The leaders of Sudan and South Sudan have met amid pressure to strike a deal on the disputed Abyei region and other issues left unresolved since South Sudan won independence.

Omar Bashir and Salva Kiir met on Tuesday in Juba, the capital of South Sudan, which seceded from the north in 2011 after a referendum and a peace agreement that followed a two-decade civil war between the two sides.

Bashir, an indicted war crimes suspect wanted by the International Criminal Court, was welcomed at the airport in Juba by Kiir, with the former arch-enemies first shaking hands and then embracing warmly.

Bashir said the meeting was "fruitful", adding that both leaders will "make sure all the outstanding issues are implemented".

"We are ready to go the extra mile to make peace with Sudan," Kiir said. 

Barnaba Marial Benjamin, the South Sudan foreign minister, said the meeting was about "building relationships between our countries and to strengthen our ties".

The African Union has urged the leaders to "seize the opportunity" towards settling the dispute over war-ravaged Abyei, wedged between the two countries and claimed by both sides.

Abyei was meant to vote on whether to be part of Sudan or South Sudan in January 2011 - the same day as Juba voted overwhelmingly to split from the north - as part of the 2005 peace deal which ended Sudan's civil war.

But a referendum to decide the region's fate has been repeatedly stalled, with residents now saying they will organise their own vote to determine their fate.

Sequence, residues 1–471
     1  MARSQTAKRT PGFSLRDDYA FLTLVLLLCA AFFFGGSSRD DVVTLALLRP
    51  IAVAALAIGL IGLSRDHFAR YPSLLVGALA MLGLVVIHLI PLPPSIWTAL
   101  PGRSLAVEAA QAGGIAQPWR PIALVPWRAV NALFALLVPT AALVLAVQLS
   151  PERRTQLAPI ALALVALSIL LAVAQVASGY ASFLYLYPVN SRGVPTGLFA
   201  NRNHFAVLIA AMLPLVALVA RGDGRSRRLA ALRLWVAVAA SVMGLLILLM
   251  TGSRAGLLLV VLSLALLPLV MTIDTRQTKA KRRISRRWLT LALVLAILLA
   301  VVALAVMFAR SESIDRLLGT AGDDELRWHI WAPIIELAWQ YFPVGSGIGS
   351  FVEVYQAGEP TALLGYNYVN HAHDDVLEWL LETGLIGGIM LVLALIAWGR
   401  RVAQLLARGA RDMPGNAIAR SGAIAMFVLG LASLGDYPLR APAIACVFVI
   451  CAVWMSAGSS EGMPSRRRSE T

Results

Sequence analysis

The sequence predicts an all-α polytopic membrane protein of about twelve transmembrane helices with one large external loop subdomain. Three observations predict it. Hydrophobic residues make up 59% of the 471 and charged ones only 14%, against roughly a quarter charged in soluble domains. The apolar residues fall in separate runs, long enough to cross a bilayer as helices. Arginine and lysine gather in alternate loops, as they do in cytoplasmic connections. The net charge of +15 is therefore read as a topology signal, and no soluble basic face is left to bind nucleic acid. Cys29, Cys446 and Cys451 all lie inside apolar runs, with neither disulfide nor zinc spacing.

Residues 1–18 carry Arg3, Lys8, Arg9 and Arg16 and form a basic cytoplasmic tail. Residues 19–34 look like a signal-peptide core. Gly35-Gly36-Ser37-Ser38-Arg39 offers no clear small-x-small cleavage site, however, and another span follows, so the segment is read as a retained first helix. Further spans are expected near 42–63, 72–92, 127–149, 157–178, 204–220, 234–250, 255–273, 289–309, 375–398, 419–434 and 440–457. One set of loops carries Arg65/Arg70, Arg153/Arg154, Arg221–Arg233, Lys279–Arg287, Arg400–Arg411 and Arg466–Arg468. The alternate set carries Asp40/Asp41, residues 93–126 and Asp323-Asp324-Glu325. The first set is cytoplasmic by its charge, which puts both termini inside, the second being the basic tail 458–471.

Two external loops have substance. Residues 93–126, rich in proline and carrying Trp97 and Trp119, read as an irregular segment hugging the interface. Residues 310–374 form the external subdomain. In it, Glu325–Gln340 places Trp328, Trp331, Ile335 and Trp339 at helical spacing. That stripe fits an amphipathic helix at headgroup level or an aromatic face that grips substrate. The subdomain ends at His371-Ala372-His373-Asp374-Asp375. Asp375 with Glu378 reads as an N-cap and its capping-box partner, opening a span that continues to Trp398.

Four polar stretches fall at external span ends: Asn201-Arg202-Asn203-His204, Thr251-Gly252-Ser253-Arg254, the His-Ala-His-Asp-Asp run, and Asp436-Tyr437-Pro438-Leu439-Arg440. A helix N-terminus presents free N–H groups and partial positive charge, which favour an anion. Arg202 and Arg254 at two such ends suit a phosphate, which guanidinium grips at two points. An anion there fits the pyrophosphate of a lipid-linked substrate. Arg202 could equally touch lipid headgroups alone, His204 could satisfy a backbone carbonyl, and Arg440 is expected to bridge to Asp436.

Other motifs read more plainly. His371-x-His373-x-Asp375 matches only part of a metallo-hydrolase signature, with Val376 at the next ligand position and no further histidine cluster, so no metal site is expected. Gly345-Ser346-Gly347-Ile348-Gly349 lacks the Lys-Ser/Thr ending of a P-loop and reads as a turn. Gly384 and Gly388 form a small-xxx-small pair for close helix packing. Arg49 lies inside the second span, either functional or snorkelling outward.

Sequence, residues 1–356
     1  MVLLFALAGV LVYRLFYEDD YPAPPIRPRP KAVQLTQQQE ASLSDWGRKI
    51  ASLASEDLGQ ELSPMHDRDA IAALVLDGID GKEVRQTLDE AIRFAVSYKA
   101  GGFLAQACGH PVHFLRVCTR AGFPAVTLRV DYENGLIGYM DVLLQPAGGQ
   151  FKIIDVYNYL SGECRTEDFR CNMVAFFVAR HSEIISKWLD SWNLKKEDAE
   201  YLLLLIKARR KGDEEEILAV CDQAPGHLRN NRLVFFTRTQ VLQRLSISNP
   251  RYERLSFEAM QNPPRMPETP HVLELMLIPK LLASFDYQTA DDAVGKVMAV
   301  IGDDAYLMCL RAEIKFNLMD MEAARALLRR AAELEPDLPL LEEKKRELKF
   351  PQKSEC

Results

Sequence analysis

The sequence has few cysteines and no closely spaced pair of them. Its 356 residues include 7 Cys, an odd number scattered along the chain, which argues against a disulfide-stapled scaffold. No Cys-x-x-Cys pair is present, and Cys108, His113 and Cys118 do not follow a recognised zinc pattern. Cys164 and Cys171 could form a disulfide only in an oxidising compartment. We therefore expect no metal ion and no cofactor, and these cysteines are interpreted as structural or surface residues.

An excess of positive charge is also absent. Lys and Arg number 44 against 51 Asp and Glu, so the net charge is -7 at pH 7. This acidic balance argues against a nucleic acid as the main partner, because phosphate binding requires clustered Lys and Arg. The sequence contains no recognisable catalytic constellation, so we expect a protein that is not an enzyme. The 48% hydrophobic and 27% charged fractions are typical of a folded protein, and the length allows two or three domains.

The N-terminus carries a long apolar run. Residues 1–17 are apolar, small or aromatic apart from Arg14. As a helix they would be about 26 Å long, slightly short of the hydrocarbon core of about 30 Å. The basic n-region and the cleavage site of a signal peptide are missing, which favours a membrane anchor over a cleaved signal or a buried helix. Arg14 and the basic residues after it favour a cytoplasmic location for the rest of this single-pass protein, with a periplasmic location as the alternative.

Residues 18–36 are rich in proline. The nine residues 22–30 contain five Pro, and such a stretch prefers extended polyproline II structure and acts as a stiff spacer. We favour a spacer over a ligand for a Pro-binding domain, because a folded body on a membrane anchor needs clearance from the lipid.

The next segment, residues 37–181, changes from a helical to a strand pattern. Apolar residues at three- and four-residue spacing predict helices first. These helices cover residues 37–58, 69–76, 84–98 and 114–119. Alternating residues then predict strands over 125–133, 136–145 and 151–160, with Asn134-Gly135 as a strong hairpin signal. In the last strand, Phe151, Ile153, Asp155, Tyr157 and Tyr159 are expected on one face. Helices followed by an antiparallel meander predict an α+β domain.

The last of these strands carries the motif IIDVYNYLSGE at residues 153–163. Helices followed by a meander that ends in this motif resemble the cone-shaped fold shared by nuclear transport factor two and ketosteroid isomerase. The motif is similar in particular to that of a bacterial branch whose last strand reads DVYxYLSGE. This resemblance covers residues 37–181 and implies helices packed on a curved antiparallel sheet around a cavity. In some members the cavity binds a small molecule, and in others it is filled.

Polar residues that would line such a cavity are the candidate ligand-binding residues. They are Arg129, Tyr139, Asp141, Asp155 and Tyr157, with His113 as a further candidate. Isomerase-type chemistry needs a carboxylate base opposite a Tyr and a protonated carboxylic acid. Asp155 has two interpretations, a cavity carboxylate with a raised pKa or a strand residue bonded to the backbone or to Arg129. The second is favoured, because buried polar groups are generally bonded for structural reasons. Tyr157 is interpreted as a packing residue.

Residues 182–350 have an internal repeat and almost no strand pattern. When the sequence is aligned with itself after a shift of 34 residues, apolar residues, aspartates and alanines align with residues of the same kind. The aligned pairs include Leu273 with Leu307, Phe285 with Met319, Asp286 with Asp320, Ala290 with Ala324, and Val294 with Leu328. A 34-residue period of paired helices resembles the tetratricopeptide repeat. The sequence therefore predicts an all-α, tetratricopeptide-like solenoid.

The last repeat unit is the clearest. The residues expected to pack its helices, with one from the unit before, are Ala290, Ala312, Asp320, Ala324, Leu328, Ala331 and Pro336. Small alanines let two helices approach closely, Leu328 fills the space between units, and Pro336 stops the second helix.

UN-AU warning 

The United Nations and AU have warned that any such unilateral move could inflame tensions in the oil-producing zone and risk destabilising the uneasy peace between the longtime foes.

"Abyei is one of the top items on the table," Benjamin said, adding that other issues included opening up border posts to allow traders and residents to cross the new frontier that splits the formerly united nation.

Sudan's Foreign Minister Ali Ahmed Karti, in a statement on state news agency SUNA, said the talks would "stave off the fear" that the dispute over Abyei would endanger the "improving relations between the two countries".

Abyei, patrolled by some 4,000 Ethiopian-led UN peacekeepers, is home to the settled Ngok Dinka, closely connected to South Sudan, as well the semi-nomadic Arab Misseriya, who traditionally move back and forth from Sudan grazing their cattle.

Some are pessimistic about a quick resolution.

"I think there isn't a solution in sight for quite a long time," a Western diplomat said, but added there was a need at least to show some progress "otherwise people get desperate".

"Both governments have important constituencies that they need to pacify, making the issue very difficult to solve," the diplomat said.

Senior leaders of the Ngok Dinka said last week they would organise and run their own referendum, saying international efforts had stalled and there was "no light at the end of the tunnel".

Source: Agencies